This past week we said good-bye to a Schumm centenarian, a faithful servant of the church, a life-long member of the community, and a friend to many.
Velma Louise Schumm passed away 6 February 2016 at the Laurels of Shane Hill, near Rockford. She was 101 years old, the same age as my grandma Schumm when she passed away.
Velma was born 18 June 1914 near Rockford. She lived most of her life in the home where she grew up and spent her last few years at the Laurels of Shane Hill. She was a life-long member of Zion Lutheran Church, Schumm.
At the age of 101, Velma was one of several Schumm centenarians. But Velma was not the oldest in her family. Her sister Emma will be 105 this year.
Velma was the daughter of Philip F.M. and Leona B. (Schumm) Schumm. She had three sisters: Marie, Emma, Anna Katharine.
Velma and I were third cousins once removed. We descend from different immigrant Schumm brothers, both sons of Johann Georg Schumm. Velma descended from Martin and Maria (Pflueger) Schumm, while I descend from Ludwig and Barbara (Pflueger) Schumm. The Schumm brothers married Pflueger sisters and therefore we also have common Pflueger ancestors.
Velma was baptized at Zion Schumm by Rev. George J. Meyer on 5 July 1914, with Mrs. Louisa Schinnerer and Erma Schumm as her sponsors. Velma was the baptismal sponsor for Wilma Louise Schumm in 1936 and Frieda Marie Roehm in 1947. She was a witness to the marriage of Erwin F. Fuelling to her sister Marie in 1939 and a witness to the marriage of Arthur Bischoff to her sister Anna Schumm in 1940.
Velma was an accomplished musician and started playing the organ at Zion Lutheran, Schumm, when she was about 16. She was Zion’s church organist for many decades, for 60-80 years, depending on who you talk to. My mom often mentioned that Velma played the organ for their wedding ceremony at Zion Schumm in 1950. She probably played the organ when I was baptized there a couple years later.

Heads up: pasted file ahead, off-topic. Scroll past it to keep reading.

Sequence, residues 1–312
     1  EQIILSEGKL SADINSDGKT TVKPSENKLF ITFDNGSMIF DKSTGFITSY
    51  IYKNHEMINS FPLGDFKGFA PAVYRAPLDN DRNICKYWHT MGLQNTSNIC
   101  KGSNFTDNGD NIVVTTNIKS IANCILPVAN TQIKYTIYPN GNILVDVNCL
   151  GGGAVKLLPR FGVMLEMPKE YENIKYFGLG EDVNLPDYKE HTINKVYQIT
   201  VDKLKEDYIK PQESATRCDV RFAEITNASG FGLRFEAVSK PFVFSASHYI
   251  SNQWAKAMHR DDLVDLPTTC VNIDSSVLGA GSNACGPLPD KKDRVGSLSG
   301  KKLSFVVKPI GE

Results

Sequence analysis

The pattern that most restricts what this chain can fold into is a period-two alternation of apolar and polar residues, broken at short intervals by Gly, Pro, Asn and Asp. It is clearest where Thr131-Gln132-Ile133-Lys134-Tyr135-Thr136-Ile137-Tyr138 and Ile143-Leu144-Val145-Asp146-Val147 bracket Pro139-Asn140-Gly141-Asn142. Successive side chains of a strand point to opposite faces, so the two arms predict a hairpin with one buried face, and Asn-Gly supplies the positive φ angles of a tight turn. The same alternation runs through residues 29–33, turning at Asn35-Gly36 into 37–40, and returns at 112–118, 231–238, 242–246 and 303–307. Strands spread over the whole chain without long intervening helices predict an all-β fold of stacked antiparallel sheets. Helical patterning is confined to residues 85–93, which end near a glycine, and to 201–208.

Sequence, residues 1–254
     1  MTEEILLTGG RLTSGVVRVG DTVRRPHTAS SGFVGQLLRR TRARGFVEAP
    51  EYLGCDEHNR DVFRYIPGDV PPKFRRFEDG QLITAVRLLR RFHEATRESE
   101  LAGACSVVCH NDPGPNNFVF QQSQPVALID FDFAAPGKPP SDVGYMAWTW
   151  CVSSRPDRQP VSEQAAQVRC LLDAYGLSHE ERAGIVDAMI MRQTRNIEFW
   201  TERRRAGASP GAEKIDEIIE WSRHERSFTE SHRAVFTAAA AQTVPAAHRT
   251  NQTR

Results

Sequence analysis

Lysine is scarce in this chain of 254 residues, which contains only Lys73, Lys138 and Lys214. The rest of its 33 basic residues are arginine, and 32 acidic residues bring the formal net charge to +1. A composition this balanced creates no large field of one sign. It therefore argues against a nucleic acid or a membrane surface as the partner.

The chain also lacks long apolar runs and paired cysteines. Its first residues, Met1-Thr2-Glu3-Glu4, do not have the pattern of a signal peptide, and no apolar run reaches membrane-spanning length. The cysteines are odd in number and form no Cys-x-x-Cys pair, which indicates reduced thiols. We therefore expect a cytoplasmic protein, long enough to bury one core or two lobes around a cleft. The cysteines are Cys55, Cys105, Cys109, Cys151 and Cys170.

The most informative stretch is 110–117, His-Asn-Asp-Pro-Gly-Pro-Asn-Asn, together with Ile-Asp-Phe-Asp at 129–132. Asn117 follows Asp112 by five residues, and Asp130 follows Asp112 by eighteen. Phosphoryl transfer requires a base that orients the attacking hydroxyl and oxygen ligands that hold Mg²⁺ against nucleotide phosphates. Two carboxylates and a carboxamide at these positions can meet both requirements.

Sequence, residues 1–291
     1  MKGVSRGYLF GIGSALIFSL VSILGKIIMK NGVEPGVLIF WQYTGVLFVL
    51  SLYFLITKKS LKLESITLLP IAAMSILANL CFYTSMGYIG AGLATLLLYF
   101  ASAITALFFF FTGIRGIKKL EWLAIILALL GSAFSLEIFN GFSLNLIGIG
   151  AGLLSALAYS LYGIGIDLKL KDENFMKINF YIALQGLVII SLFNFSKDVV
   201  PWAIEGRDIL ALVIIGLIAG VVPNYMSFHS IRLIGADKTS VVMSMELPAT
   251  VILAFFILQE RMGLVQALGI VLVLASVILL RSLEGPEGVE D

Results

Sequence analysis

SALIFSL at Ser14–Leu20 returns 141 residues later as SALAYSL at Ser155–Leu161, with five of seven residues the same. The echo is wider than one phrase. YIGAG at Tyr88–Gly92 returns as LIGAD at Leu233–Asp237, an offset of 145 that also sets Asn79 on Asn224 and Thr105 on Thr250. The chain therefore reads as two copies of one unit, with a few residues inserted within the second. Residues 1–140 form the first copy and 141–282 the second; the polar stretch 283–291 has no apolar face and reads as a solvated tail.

Yes, Velma loved music and she often attended our Christmas concerts at Zion Chatt. Her neighbors Tim and Vickie would usually bring her to the concert and I can still see her nodding her head, keeping time with the music. Velma and I discussed organ playing techniques on several occasions, talking in particular about using both feet, with heel and toe, to play.
Velma knew German and was able to read the Old German Script, something not many people around here can do. She helped me translate some of Zion Schumm’s records a few years ago. Velma was familiar with the names of those who attended Zion over the years, which was also very helpful. We spent several Sunday afternoons going over the church records on her dining room table.
Velma also had very nice handwriting and meticulously labeled nearly all of her photos. What a treasure to find photos that are labeled on the back!
One Sunday afternoon, during the summer of 2002, I drove my mom and Velma to Fort Wayne to attend the Pflueger reunion, for the descendants of Michael Pflueger. We had never attended a Pflueger reunion but were invited because we all had common Pflueger ancestors. Even though we had never met this side of the family we soon learned that we knew several people in common. We all enjoyed visiting and sharing information with our Pflueger cousins that afternoon. On our way home from Fort Wayne that day I learned that Velma liked to sing, too. The three of us sang some of our favorite hymns together on the car ride home.
Velma always attended the Schumm reunion, where she would usually accompany the Schumm Singers on a portable keyboard. She was there at the last Schumm reunion, held in August 2014. At 100 years young, she joined the Schumm Singers that year.
Velma was also interested in history and I would see her at meetings of the Shanes Crossing Historical Society in Rockford.
Unfortunately Velma had to cease many of these activities because of her failing eyesight.
Eventually Velma moved to the Laurels of Shane Hill a few years ago. I attended her 100th birthday celebration in 2014, held at the Laurels.
Joe and I went to her estate sale a couple years ago and we purchased a few items that I will always cherish as Velma’s. Some of the items I purchased: a small Nativity, a southwestern vase, a copper candy dish, a large box of postcards and miscellaneous papers, a cross necklace, some of her sheet music, the travel map she used for a western trip, a granite chamber pot, and an old Cracker Jack toy top.
Here is a link to Velma’s obituary.
May you Rest in Peace, Velma.